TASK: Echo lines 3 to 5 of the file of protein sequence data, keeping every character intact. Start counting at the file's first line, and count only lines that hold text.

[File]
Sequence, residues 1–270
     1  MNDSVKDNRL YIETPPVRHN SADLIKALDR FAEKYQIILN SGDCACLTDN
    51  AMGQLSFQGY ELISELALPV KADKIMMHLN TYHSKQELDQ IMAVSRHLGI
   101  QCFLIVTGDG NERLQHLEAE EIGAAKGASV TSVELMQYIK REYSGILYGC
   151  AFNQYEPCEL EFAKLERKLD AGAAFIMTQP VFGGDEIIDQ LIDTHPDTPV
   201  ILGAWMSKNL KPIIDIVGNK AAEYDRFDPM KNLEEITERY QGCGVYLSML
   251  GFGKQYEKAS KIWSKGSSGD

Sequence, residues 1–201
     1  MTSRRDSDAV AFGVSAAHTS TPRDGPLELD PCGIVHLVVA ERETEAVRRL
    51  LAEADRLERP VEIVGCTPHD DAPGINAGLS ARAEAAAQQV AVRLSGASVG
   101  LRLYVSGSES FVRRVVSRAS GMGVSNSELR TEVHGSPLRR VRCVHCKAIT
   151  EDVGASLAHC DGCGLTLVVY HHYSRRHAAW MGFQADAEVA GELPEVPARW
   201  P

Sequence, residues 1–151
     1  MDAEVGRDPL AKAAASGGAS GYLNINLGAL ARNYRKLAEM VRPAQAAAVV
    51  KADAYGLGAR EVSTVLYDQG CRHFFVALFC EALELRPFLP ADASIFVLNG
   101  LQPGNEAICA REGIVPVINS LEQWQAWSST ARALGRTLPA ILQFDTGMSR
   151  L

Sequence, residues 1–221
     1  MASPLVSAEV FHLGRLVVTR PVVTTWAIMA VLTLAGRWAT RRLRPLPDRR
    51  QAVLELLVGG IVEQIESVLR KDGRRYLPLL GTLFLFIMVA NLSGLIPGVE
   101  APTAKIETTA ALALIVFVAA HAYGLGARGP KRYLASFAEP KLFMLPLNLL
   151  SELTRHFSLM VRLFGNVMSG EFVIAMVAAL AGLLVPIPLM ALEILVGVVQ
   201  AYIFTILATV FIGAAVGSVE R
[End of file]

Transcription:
    51  AMGQLSFQGY ELISELALPV KADKIMMHLN TYHSKQELDQ IMAVSRHLGI
   101  QCFLIVTGDG NERLQHLEAE EIGAAKGASV TSVELMQYIK REYSGILYGC
   151  AFNQYEPCEL EFAKLERKLD AGAAFIMTQP VFGGDEIIDQ LIDTHPDTPV